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June 5, 2013 / samwilson60

Make or break time

In Harare things instantly, if briefly, picked up again. Not only did the local clientele distract us from our gearbox woes, they actively helped us to solve them. On our first night in town we had a hilarious evening of heated political debate interspersed with lessons in DIY gasket-making. The owner of the backpackers even got onto his mechanics for us and arranged for them to come round first thing the following morning (a Sunday of all days). The mechanics themselves inspired less confidence but, even though they didn’t arrive until mid-afternoon, we were making progress before the weekend was out and that in itself was a massive win. The job itself – removing the gearbox and refitting it with a real gasket this time – was, for the most part, terrifying and would have been even without the thunderstorms, but with Sam providing free labour, permanent supervision and his own handmade gasket, we had her mobile and (touch wood) oil-tight again by Tuesday.



Arts and crafts time, innit!


By Tuesday we’d also started – and finished – with the embassies. Harare was always going to be make or break time, even without the mechanical issues. We still had two more problem visas to get and, running out of places to get them, these were the biggest stumbling block we faced if we were to make it back to Europe as planned. Even in our excited optimism at Vic Falls we’d agreed our driving home depended on us getting at least our Ethiopian visas in Harare. The lady at the embassy there was lovely but very professional and absolutely unwavering in her refusal to even entertain our applications. This left us in a bit of a bind. We’ve always believed, when it comes to African visas, a “no” is just an invitation to negotiate/come back the next day but this time it felt different. There was no way around it and if we carried on regardless we could well end up stuck in Kenya with no way out, at least for the Tinker Beast. We really didn’t like that prospect so instead of visiting the Sudanese we went for lunch to discuss our options yet again.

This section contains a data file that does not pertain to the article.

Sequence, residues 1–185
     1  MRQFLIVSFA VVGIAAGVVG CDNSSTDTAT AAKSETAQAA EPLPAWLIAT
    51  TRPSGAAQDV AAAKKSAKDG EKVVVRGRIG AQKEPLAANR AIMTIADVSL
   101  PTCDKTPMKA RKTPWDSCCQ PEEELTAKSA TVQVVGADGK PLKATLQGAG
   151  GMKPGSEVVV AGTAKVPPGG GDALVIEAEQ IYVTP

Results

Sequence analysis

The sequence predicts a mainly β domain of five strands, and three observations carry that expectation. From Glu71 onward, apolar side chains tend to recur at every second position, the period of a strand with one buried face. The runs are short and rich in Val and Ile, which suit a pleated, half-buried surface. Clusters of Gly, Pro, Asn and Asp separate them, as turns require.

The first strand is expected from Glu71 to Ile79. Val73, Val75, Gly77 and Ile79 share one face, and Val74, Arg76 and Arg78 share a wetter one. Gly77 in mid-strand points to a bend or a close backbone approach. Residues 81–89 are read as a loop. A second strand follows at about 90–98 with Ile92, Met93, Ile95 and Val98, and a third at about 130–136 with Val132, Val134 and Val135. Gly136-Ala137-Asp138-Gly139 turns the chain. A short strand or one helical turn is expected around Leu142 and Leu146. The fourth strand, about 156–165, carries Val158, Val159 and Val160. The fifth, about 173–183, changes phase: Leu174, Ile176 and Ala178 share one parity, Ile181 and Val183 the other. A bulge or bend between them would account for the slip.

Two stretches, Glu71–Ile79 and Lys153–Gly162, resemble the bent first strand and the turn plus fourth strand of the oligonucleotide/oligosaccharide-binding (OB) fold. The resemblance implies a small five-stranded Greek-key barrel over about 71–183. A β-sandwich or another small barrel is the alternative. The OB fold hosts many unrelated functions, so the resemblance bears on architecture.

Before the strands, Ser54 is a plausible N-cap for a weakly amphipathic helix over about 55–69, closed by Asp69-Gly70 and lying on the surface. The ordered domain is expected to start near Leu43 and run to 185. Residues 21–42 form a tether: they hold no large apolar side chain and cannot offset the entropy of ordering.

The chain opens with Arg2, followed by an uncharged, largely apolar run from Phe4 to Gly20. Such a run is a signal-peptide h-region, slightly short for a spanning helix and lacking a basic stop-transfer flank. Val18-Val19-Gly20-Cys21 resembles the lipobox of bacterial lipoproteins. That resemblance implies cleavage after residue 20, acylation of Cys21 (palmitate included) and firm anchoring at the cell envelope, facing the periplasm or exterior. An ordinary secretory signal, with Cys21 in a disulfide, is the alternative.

The dream has always been to drive all the way home, anything less seems like an admission of defeat, but we have also agreed time and again that there’s no point in persisting if it means cutting out all the fun bits and stressing about Africa Time instead of enjoying it. Quite apart from the undeniable time pressures, we were now in danger of making ourselves miserable with the constant uncertainties and what-ifs. The options were as they’d always been: drive back, store our steed in South Africa or ship the car and fly ourselves. The latter had always seemed the least appealing option (expensive and no fun) but as we listed the pros and cons of the alternatives we warmed to the idea and eventually, if rather agonisingly, we settled on shipping as the most viable plan. It helped – psychologically and practically – to have met Ben and Jen (first in the Drakensburg, then again at Great Zimbabwe), as they’d long ago decided they’d ship their car home and were planning to do so at more or less exactly the same time we would. They also happened to be at the other backpackers in Harare, trying to make sense of the remainder of their trip much like us. Once we’d come to our decision and Sam had the Tinker Beast back in one piece, we met up with them to throw about the craziest shipping ideas we could think of (via Dakar anyone?), then braved the rain to clear our heads and check out the local music scene. We felt much better having talked it through and let it sink in, and while we were both sad at the thought of having ‘given up’, more than anything we were relieved at having put an end to the anguish.


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